Special Report

25 Poorest Countries in the World

Source: Thinkstock

10. Guinea
> GNI per capita: $490
> 2016 GDP: $6.3 billion
> Population: 12.4 million
> Life expectancy: 59.4 years at birth

For a variety of economic and political reasons, resource-rich countries often rank among the poorest in the world. Guinea is one such country. Aluminum ore comprised 30% of the country’s $2.5 billion in exports in 2015, and gold accounted for 38%. Overly dependent on its resources, agriculture accounts for over one-fifth of the country’s GDP. Stronger educational systems would likely help spur economic growth as less than a third of Guineas age 15 and older are literate.

As the country struggles to adequately care for its own citizens, its economy is being strained by hundreds of thousands of refugees coming from neighboring Sierra Leone and Liberia.

Source: Mozambique

9. Mozambique
> GNI per capita: $480
> 2016 GDP: $11.0 billion
> Population: 28.8 million
> Life expectancy: 57.6 years at birth

Mozambique has faced a variety of issues since gaining its independence from Portugal in 1975. Political tension, the effects of a 16-year civil war, and corruption weigh on the country’s economy. According to the World Economic Forum’s 2017 Global Competitiveness Report, corruption is the second most problematic factor for doing business in Mozambique, behind access to financing. As a result of the country’ economic struggles, over 24% of its workforce is unemployed.

The country’s economic future may be looking up as Mozambique discovered gas fields off its coastline in 2011. Today, energy sources, including petroleum, account for nearly a third of the country’s $6.1 billion in annual exports.

Source: HomoCosmicos / iStock

8. The Gambia
> GNI per capita: $440
> 2016 GDP: $1.0 billion
> Population: 2.0 million
> Life expectancy: 61.0 years at birth

Emerging from 22 years of authoritarian rule under president Yahya Jammeh in 2016, The Gambia is grappling with widespread economic strife. Despite newly found political freedom, many of the country’s residents are among the poorest people in the world. The average resident lives on only about $440 a year.

Economic prosperity is hindered considerably by corruption, and at nearly 30%, unemployment is higher in The Gambia than in every other country on this list. Heavily dependent on agriculture and natural resources, The Gambia’s export market is dominated by two industries: the sale of rough wood at 43% of total exports and nuts at 34%.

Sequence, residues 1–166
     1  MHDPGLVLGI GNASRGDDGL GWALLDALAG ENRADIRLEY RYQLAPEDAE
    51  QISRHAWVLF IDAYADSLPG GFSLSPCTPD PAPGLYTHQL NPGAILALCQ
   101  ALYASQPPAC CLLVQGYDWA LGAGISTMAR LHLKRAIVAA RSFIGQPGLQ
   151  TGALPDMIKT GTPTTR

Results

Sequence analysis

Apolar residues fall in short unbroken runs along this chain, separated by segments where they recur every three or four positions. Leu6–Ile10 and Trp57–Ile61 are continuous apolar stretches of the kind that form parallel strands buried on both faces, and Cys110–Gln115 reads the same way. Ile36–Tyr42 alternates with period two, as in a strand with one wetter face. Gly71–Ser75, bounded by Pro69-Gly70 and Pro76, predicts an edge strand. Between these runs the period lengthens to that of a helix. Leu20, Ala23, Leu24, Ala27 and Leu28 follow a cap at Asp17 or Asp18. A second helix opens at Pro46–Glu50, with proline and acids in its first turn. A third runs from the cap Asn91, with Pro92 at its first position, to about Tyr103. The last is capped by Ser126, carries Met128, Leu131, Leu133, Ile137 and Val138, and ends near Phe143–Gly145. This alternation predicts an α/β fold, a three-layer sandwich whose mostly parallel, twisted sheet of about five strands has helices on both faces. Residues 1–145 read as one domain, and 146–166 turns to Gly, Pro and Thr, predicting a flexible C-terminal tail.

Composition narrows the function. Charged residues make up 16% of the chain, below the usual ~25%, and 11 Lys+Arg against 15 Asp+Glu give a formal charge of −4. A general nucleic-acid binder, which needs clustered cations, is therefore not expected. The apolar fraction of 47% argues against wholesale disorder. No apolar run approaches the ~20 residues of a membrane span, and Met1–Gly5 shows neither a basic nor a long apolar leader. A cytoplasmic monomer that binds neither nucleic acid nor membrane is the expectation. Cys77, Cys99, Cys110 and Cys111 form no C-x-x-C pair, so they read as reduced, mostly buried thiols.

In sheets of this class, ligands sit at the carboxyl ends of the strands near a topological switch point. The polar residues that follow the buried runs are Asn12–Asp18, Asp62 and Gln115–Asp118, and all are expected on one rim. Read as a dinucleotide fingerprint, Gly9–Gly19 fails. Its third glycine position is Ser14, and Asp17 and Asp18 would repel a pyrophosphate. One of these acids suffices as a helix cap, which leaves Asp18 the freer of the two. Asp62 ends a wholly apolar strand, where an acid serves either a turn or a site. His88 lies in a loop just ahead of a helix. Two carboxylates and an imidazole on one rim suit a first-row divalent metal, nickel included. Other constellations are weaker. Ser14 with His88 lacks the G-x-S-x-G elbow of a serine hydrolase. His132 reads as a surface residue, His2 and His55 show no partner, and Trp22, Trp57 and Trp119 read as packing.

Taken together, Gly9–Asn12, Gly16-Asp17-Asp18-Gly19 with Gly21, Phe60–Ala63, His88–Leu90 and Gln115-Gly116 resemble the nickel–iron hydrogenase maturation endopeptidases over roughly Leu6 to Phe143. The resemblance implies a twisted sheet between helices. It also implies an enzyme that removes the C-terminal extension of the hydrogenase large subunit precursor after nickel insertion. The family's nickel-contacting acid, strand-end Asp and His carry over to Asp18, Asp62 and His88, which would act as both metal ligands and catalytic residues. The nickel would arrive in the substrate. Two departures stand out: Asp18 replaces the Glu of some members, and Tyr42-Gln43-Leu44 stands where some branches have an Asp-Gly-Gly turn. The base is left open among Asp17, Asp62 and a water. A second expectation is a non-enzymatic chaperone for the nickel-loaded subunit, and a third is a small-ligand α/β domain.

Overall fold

Source: Thinkstock

7. Democratic Republic of Congo
> GNI per capita: $420
> 2016 GDP: $35.0 billion
> Population: 78.7 million
> Life expectancy: 59.2 years at birth

Home to nearly 79 million people, the Democratic Republic of Congo is among the most populous countries in sub-Saharan Africa. Its $35 billion economy is also nearly the largest among countries on this list. However, adjusting for the population, the DRC is nearly the poorest country in the world.

Like many of the world’s poorest countries, DRC is resource rich and heavily dependent on farming. The country’s rich soil and abundant deposits of uranium, cobalt, gold, and diamonds have lead to civil wars that have claimed millions of lives. Agriculture accounts for over 20% of the country’s total economic output.

Source: Thinkstock

6. Madagascar
> GNI per capita: $400
> 2016 GDP: $10.0 billion
> Population: 24.9 million
> Life expectancy: 65.5 years at birth

Known for its distinct wildlife not found anywhere else in the world, Madagascar is a tourist hub that is also one of the poorest countries in the world. The country is gradually shifting from its agricultural economy, with farming contribution to economic output dropping from 28.4% to 24.4% of total GDP in the last five years. Madagascar has a relatively low unemployment rate of 2.3% compared to the global average of 5.8%. The country’s two primary exports are vanilla and raw nickel, accounting for 19% and 18% of total exports, respectively.

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